I have visited quite a few prisons over the last 10 years and I am always impressed by the quality of the prison staff, the governors and the prison officers. The basis of my view is that I trust them to make the right decisions. I think they are dealing with very difficult circumstances and I think that they can manage risk. As the noble Baroness, Lady Barker, said, they have policies which have evolved over a period, which include the safety of the prisoners and the staff. I was pleased to hear that during the teach-in the Minister said that he is willing to support further research into this matter. It is an evolving situation, but for my part I am content that the current complex case boards that make these difficult decisions should continue to do their work.
My Lords, this amendment relates to the management of transgender prisoners. The result of the amendment would be that transgender prisoners would “ordinarily”—and that word is used twice in the amendment—be held in a prison matching their sex as registered at birth. I will come back to that word “ordinarily” later on.
I should first record my sincere thanks to the noble Lord, Lord Blencathra, for his time. I am pleased that he found the teach-in with officials from the MoJ and HMPPS to be helpful. I am grateful also that my noble friend Lord Cormack and the noble Baroness, Lady Fox of Buckley, were able to attend the teach-in. I am conscious, from what they said then and this evening, that I did not persuade them at that time. I am not sure that I am going to persuade them in the next few minutes, but I am going to try.
I am not proposing to refer to anything said on Twitter. That is despite the fact that I think I am one of the few ministerial twitterers—or is it tweeters?—around. My tweets have become a lot duller since joining the Front Bench, but I can say that on this subject Twitter exhibits heat and no light whatsoever. I am grateful for the relative safety and sanity of your Lordships’ House.
Under the amendment, transgender prisoners who are not held with prisoners matching their sex as registered at birth would be held in separate accommodation such that they have no contact with people of their acquired gender. That is the inescapable result of the amendment. I suggest that it is unnecessary. Transgender prisoners can already be held in prisons in matching their sex as registered at birth where this is assessed as appropriate. In practice, the vast majority of transgender prisoners are already held in prisons matching their sex as registered at birth. The small number who are held otherwise have been through a rigorous multi-disciplinary risk assessment process. There is already provision, as I will explain in a moment, for transgender prisoners to be held separately from other prisoners of their acquired gender if doing so is deemed necessary.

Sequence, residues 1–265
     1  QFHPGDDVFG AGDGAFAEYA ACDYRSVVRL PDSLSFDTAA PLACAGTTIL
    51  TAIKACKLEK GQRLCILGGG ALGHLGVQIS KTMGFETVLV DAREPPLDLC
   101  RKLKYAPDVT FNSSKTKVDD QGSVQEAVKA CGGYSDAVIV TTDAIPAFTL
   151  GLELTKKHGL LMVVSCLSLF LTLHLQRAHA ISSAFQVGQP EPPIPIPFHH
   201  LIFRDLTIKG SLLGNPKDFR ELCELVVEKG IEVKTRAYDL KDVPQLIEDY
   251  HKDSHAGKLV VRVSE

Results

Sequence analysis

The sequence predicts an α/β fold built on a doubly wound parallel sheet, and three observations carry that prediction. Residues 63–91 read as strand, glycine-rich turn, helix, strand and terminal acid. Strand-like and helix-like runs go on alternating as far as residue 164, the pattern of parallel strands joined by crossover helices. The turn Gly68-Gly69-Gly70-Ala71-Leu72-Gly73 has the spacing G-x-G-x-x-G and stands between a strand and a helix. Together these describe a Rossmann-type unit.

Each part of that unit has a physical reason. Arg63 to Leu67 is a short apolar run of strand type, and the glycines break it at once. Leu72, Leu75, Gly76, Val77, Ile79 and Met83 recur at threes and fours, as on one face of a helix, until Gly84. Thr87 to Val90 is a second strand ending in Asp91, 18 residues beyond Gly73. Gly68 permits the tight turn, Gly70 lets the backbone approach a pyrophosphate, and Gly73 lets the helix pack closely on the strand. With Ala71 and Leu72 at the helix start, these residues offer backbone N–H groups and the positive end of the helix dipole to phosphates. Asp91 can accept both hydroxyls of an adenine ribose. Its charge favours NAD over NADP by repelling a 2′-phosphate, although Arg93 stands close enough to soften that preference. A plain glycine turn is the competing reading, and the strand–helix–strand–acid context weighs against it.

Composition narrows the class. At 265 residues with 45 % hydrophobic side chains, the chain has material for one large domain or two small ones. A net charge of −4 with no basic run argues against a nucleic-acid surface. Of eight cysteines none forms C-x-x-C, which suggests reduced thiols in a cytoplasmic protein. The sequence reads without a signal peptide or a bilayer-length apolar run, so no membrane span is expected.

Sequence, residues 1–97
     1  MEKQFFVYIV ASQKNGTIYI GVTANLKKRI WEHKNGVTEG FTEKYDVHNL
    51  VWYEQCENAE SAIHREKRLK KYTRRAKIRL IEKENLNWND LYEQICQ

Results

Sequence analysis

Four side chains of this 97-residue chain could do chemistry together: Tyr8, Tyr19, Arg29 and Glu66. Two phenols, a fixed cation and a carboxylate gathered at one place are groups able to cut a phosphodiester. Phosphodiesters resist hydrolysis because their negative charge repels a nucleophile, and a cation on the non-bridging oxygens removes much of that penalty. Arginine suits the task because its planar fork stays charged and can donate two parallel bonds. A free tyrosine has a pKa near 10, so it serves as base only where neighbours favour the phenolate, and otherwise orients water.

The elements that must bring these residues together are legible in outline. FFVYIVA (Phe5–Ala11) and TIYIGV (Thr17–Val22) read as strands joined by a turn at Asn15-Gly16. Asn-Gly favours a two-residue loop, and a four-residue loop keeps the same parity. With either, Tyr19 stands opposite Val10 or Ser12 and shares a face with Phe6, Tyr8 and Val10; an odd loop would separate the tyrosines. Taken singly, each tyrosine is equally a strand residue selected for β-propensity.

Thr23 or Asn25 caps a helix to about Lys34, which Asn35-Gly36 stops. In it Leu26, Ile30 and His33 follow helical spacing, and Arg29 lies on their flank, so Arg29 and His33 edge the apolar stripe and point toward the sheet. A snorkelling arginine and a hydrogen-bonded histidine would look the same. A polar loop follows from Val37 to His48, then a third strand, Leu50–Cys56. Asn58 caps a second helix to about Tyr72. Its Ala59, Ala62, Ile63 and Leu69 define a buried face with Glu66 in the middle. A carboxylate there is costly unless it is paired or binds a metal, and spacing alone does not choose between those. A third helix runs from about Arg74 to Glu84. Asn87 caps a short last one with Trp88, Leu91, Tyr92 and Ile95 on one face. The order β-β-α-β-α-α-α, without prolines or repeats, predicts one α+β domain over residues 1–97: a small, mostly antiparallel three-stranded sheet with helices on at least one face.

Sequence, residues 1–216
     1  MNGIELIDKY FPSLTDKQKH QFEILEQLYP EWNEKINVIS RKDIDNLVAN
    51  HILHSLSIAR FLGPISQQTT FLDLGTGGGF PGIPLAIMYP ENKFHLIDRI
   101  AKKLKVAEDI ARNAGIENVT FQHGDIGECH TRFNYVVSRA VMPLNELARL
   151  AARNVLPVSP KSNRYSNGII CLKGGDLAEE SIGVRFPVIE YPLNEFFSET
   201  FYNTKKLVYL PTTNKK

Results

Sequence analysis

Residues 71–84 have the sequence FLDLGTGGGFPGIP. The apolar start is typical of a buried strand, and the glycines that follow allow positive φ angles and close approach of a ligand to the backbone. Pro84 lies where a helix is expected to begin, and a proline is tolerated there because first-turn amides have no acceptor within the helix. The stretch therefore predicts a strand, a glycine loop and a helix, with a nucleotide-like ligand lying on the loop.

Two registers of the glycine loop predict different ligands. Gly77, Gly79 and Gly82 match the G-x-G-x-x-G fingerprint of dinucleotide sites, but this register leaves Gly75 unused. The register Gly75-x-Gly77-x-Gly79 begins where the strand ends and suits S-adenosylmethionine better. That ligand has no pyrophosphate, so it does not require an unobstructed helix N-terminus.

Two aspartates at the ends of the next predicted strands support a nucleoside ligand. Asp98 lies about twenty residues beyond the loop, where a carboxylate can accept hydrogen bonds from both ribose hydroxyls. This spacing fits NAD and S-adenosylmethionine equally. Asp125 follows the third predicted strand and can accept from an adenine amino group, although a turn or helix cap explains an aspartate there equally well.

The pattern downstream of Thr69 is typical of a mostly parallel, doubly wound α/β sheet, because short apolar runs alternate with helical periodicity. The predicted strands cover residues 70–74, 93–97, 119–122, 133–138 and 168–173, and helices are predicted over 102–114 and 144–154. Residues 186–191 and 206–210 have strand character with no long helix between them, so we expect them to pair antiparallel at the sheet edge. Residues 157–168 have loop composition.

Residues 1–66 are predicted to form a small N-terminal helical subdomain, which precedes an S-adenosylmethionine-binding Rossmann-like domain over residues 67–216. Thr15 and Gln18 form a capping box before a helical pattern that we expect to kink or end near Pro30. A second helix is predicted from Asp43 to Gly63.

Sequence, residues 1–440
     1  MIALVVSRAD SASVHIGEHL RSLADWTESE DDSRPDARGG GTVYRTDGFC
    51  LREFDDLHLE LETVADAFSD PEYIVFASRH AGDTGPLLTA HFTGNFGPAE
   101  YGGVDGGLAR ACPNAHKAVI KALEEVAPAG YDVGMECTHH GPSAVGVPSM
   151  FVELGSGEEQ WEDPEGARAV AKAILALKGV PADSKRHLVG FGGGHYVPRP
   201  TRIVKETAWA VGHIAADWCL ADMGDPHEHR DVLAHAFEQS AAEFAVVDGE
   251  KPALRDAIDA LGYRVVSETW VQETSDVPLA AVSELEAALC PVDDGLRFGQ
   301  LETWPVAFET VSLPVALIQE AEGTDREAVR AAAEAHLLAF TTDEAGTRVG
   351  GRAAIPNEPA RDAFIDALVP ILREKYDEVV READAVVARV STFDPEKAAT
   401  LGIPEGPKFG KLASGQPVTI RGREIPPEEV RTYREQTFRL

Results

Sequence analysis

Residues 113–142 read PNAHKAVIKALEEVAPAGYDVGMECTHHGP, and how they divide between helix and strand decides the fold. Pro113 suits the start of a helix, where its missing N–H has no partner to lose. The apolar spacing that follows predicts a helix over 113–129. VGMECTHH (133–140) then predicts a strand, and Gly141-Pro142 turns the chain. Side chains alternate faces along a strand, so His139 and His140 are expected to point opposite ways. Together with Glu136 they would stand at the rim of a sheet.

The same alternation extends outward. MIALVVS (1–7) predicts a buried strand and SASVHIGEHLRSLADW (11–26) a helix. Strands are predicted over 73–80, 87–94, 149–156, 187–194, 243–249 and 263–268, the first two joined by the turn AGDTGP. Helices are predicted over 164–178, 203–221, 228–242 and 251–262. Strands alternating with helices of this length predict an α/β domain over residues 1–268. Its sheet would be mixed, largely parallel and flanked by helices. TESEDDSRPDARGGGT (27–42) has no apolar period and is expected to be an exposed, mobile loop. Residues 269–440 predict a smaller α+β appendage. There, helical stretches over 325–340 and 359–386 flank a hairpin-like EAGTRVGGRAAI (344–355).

We take the allocation of transgender prisoners extremely seriously. This is a subject which, as the last hour or so has demonstrated, arouses a lot of controversy and passion. But the approach we have put in place allows us to strike an appropriate balance—the noble Lord, Lord Cashman, put his finger on that as the right word, as it is a balance—between the safety, rights and well-being of transgender prisoners and that of all other prisoners in the estate.
I can therefore assure the noble Baroness, Lady Fox of Buckley, that we do not look at the position of the transgender prisoner only in this context. The officials who are managing the risk know the risk which can be managed, for example, in the women’s estate. They are balancing the risks and working out what the best solution is. I can also assure my noble friend Lady Meyer that neither I nor other Ministers in the department give in to what she referred to, if I took it down correctly, as noisy and modish pressure groups. If I did that, I would not be able to take much of the Government’s business through your Lordships’ House.
Under the Government’s current policy, transgender prisoners are initially allocated to a prison matching their legal gender. As the noble Baroness, Lady Barker, set out, this is the way we do it. For most transgender prisoners, this is the same as their sex registered at birth. Most transgender prisoners then remain in a prison matching their sex as registered at birth. Transgender prisoners who have not changed their gender by obtaining a gender recognition certificate are held in a prison opposite to their sex registered at birth only where that is judged appropriate by a multidisciplinary complex case board, which considers all relevant factors. Transgender prisoners who have changed their legal gender can still be moved to a prison matching their sex as registered at birth where a case board judges that to be necessary to manage risk.